Fred is currently serving a fifteen year prison sentence for breaking into Barney’s house. Fred has suffered several beatings and sexual assaults from other inmates in the prison. Fred has tried to alert the prison authorities but they refuse to listen to him. Finally, Fred escapes from prison to avoid further abuse. Fred makes his escape one night but, first thing the next morning, he turns himself in to the local police, telling them who he is, what he has done and why. Fred is immediately arrested and eventually tried for escaping from prison. In this case, Fred will be able to use the necessity defense because he had tried and exhausted his non-criminal options. Further, he will probably succeed with this defense because he can show that as soon as the imminent threat of abuse was over he turned himself in to the proper authorities.

The defense of duress can be made when the defendant has been forced to commit a criminal act by another person. Please note that the difference between duress and necessity is that necessity can be raised only where the defendant committed his criminal act as a result of the physical forces of nature, whereas the defense of duress is raised when the defendant committed his act as a result of threats made by another person.

There are five different requirements that must be met in order for duress to be raised. First, the defendant must have actually been threatened. Please note that reasonable belief that he was threatened is not enough. In order to raise the defense, the defendant must have actually been threatened.

Second, according to the common law, the threat must have been of death or serious bodily harm. However, modern laws do not require that the threat be of death or serious bodily harm and they will often allow the defense even if the threat was of some lesser bodily harm.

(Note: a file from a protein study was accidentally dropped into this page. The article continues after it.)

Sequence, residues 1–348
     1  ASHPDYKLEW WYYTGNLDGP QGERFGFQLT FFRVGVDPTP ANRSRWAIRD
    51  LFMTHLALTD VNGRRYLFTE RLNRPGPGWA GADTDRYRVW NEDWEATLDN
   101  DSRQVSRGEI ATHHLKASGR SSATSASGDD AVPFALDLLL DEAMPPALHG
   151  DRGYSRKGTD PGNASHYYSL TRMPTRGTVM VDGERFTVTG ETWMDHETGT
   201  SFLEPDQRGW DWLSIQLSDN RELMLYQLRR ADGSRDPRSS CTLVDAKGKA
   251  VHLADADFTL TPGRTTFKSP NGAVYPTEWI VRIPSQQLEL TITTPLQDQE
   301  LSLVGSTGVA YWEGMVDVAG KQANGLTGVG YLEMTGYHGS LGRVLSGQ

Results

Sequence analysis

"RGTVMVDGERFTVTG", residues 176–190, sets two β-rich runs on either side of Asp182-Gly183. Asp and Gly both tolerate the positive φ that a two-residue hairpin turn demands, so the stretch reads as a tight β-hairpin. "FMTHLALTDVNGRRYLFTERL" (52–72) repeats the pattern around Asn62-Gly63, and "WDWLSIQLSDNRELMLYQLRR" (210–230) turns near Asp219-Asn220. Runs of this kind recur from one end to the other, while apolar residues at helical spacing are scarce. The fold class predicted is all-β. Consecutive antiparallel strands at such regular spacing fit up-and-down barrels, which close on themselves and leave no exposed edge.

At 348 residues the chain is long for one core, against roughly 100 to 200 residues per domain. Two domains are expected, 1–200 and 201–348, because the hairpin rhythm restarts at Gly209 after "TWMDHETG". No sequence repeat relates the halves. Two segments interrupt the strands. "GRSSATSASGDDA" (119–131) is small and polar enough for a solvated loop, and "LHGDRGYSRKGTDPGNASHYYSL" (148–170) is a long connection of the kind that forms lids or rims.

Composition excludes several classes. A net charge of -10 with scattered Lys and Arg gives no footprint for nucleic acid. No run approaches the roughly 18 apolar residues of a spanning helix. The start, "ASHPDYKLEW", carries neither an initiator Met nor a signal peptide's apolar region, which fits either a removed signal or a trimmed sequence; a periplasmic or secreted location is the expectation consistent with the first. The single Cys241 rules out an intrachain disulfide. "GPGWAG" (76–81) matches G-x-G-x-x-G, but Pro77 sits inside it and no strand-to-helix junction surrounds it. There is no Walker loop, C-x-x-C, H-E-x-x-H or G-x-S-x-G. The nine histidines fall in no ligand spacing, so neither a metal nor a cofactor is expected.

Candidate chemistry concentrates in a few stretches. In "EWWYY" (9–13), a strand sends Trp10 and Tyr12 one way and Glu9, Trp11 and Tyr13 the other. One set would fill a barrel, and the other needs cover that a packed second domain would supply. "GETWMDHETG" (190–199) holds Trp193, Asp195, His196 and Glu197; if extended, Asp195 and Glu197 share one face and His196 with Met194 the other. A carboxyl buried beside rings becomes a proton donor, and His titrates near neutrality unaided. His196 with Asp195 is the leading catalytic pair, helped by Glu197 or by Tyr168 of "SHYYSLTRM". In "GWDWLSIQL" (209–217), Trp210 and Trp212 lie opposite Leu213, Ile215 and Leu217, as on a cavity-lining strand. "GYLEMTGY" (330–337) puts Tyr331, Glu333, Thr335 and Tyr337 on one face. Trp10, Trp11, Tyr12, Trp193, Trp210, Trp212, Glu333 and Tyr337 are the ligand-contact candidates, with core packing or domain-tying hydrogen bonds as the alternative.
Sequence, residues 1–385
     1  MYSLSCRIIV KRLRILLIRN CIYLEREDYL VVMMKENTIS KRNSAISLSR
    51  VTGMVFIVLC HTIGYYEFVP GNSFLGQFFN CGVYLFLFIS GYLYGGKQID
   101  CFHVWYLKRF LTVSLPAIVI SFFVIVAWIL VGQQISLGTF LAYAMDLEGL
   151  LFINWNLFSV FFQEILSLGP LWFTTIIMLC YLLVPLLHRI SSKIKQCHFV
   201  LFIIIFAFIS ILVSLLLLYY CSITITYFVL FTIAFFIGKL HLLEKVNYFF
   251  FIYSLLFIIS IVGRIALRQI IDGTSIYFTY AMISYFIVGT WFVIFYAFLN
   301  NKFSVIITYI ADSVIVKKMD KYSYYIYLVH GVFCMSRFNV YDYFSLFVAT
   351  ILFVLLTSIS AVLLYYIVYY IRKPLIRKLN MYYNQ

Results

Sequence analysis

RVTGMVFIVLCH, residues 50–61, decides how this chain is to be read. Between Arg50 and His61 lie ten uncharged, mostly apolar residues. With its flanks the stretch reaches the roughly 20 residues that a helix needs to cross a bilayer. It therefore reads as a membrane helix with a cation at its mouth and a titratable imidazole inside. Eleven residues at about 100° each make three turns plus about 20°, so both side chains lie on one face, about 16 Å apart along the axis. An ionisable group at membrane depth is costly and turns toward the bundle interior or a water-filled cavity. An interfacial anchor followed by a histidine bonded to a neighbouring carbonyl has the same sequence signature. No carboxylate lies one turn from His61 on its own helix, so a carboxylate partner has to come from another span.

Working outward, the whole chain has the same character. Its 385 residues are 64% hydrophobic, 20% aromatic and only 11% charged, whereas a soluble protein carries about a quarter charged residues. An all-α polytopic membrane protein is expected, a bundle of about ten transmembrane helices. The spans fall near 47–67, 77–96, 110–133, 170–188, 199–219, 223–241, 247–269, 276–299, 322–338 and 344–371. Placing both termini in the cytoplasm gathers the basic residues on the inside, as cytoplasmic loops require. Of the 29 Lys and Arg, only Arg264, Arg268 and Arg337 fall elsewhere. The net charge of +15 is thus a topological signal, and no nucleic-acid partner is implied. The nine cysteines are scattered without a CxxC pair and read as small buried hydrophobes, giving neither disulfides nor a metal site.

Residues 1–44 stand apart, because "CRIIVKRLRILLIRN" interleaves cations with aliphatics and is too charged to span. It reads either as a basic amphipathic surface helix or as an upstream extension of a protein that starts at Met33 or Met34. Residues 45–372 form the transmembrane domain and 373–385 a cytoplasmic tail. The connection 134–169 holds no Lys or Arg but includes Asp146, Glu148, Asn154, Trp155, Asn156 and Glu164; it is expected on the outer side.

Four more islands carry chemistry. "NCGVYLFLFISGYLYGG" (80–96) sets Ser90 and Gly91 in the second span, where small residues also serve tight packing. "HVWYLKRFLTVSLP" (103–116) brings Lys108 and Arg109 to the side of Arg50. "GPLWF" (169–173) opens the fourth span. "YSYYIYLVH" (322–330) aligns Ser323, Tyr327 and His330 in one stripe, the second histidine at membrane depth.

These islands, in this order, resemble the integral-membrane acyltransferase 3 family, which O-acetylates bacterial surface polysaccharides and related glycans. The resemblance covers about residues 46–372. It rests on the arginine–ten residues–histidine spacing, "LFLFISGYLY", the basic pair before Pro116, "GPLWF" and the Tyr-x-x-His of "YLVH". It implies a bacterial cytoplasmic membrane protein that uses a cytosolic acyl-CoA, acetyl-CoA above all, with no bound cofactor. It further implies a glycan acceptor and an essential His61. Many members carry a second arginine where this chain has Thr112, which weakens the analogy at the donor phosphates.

Third, the threat must have been made against another person. Please note that the threat does not have to be against the defendant himself or the defendant’s family. A threat of harm to a complete stranger is enough to give rise to this defense.

Fourth, the threat must be of immediate harm. Threats of future harm, no matter how serious they are, are not enough to give rise to this defense.

Finally, it must be shown that the defendant had no opportunity to avoid the threat by a non-criminal method.

Duress is a defense to every crime except intentional killing and attempted intentional killing. While duress is not a defense to intentional killing, it may be used to establish a lack of premeditation. Therefore, while it will not insulate a defendant completely from a conviction, it may help him avoid a murder conviction in favor of a lesser manslaughter conviction.

Further, duress is not available if the defendant either intentionally or recklessly put himself in a position in which he should have foreseen that he would have been subject to duress. See Williams v. State, 646 A.2d 1101 (Md. 1994). For example:

Fred borrows fifty thousand dollars from the Corleone crime family for a period of two months. At the end of two months, Fred cannot pay the money back. Fred is kidnapped by members of the Corleone family and brought in front of Don Corleone, the head of the family. Don Corleone tells Fred that he must pay the money back even if he has to rob a bank to get it or Don Corleone will kill him. Don Corleone gives Fred two days to repay the money. As a result, Fred does, in fact, rob a bank. In this situation Fred will not be able to use duress as a defense to a charge of robbery, because he intentionally placed himself in a position in which he should have foreseen that he would be subject to duress.